The year is 1934, the city: Chicago. Despite FDR being elected two years before, the nation isn’t doing any better. Arthur Parker is a struggling sheet music salesman, who is unhappily married to a pretentious, rich heir: Joan, played by Phantom of the Paradise alum Jessica Harper. Arthur is played by Steve Martin, in his second starring role, against type, and seemingly against likeability. He is a complete and utter jerk (and not like his debut starring role, in The Jerk), he is a horndog, lives in his own world where songs are his life, seemingly buttoned down, and completely unlikable. And yet, Martin pulled it off, it’s hard to play against type successfully, and it’s harder to play someone who is a nuanced character (read human), and not wholly the over-the-top. (There’s another musical, with Steve Martin, I’m thinking of, right now, and you’re probably able to guess what the other film is, and I also love that film too.)

Pennies from Heaven loves the musicals it homages, yet contains the type of realism and honesty seen in New Hollywood films, and creates a fascinating mix. Here’s a scene paying homage to Busby Berkeley.

After trying to get a loan for a record store and trying to get her inheritance fails. This leads to the first real musical number, reminiscent of Busby Berkeley numbers of the era. This leads us to the first true revelation of Pennies from Heaven. It’s a musical, but none of the people sing their own songs, they lip-sync to 1920s-30s recordings, in a kind of cinematic duality, where both musical number and drama exist, but the musical numbers are seemingly in the characters head. It’s not a bad idea regarding the musical concept, and the surprising thing is it’s executed well, even though Potter had to go to executive issues with rewrites (which we’ll get to in a little bit).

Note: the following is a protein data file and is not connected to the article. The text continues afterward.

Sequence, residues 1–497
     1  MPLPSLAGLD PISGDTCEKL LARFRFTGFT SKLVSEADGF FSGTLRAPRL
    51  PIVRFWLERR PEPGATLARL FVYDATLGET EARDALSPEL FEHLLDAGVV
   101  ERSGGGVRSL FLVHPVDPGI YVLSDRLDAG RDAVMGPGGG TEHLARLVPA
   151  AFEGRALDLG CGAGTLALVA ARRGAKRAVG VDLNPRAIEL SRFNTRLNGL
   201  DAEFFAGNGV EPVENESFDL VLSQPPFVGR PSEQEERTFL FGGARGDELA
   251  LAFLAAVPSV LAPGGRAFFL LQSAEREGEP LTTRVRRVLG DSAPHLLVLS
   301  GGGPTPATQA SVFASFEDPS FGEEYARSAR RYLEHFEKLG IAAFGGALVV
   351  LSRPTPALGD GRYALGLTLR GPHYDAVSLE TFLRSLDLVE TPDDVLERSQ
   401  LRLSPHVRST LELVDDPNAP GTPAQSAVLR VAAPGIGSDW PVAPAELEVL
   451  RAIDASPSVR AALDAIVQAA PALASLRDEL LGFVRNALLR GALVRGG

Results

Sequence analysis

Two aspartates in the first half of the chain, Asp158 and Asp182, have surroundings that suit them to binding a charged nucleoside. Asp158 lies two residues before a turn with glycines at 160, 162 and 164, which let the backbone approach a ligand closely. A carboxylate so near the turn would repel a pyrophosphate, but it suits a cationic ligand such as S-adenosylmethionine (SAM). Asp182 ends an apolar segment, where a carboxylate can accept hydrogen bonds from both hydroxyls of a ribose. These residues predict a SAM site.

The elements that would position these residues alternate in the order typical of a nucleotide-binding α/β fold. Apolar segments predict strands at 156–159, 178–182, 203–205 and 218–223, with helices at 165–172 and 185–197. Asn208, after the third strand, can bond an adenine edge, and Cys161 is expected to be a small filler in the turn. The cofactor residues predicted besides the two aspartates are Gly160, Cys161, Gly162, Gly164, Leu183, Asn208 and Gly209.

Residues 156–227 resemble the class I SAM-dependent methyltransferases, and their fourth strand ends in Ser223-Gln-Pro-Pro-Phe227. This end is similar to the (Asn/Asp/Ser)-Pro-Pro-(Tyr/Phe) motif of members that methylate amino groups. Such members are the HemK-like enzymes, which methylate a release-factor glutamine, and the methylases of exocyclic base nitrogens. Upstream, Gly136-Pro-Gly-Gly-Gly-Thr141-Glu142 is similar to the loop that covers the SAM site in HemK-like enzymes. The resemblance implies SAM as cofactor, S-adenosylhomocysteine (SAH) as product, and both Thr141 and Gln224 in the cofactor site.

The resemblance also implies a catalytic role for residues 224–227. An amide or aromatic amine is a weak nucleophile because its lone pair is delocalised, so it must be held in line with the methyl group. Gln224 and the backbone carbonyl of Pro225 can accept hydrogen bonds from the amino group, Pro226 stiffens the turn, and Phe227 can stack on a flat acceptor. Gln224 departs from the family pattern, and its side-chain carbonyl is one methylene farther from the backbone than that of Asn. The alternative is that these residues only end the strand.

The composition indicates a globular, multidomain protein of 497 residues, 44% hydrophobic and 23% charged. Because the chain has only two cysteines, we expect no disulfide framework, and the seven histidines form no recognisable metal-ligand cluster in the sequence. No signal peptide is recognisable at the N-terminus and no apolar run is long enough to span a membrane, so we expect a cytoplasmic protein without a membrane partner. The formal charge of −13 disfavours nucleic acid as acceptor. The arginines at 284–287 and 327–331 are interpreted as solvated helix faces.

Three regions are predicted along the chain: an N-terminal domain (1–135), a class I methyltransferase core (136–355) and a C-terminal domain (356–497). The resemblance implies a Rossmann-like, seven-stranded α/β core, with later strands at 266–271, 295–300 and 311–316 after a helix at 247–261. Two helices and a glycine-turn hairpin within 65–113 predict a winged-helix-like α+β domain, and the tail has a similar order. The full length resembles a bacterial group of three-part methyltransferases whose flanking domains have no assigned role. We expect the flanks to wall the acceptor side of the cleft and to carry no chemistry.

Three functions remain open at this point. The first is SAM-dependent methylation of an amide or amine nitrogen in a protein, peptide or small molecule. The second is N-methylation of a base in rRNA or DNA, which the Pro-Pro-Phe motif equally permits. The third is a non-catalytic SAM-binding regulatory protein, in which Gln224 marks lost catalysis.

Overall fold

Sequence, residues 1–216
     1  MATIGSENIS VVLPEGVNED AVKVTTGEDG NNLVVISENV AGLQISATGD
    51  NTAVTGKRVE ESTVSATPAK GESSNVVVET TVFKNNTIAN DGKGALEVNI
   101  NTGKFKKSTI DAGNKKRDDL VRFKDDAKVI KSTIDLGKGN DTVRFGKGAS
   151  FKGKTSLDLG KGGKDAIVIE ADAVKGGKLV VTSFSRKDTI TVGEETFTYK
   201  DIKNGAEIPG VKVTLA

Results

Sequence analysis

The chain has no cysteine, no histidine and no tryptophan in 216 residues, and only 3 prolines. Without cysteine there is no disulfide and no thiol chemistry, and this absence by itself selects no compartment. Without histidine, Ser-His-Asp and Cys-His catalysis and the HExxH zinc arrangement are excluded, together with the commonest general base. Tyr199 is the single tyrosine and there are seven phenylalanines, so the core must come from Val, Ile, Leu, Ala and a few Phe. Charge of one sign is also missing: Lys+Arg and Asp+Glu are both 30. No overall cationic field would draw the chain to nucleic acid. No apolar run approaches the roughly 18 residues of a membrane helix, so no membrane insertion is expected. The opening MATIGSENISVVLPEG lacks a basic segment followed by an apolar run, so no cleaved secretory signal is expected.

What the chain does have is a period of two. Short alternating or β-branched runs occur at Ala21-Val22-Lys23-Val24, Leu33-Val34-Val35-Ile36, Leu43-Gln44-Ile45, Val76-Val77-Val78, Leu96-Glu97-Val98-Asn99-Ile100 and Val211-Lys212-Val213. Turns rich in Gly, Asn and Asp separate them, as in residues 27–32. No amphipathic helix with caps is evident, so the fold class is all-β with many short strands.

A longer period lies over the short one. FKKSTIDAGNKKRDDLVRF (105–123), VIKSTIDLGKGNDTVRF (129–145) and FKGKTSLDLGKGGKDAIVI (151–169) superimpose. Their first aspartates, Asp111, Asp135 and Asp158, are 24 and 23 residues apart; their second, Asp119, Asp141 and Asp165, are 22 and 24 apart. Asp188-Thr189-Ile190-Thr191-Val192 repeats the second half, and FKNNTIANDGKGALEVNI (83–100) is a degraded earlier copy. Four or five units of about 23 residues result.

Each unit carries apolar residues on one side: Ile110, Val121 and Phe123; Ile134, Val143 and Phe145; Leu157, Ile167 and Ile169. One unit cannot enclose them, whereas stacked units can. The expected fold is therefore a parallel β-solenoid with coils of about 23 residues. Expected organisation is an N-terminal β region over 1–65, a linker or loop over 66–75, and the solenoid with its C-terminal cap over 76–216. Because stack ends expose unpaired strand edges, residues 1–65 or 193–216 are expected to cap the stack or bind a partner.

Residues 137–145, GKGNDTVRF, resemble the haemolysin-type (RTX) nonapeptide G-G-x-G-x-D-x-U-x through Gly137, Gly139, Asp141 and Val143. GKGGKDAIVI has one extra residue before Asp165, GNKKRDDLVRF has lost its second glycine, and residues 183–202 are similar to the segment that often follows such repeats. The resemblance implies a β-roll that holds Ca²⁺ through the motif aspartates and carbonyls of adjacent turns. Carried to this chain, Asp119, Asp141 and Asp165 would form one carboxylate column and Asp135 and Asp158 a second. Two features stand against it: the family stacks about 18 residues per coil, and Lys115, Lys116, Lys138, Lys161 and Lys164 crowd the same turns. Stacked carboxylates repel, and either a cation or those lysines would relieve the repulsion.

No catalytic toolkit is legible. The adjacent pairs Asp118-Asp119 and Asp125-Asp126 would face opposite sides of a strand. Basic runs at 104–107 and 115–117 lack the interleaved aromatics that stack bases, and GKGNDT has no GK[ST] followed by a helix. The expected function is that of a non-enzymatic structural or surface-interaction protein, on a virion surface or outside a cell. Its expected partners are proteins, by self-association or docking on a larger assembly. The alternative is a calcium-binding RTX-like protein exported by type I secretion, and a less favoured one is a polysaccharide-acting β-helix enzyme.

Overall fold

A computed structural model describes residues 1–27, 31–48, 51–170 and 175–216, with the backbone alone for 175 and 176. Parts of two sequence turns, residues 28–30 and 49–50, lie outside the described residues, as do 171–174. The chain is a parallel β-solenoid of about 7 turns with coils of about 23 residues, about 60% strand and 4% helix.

While driving home, he picks up an accordion playing hobo (Vernel Bagneris): and one scene later, he first sets his eyes on Eileen, a school teacher (Bernadette Peters) at the music shop he works at. Peters herself is quite good. Any Sondheim aficionado can attest to Peters’ expertise in performing in shows with difficult concepts, and Pennies is no exception. Bagneris himself was surprising, he had no film acting experience, but had gained notice for his 1979 Off-Broadway show, One Mo’ Time, a review based off New Orleans vaudeville in the 20s, and the cast album was nominated for a Grammy, the following year.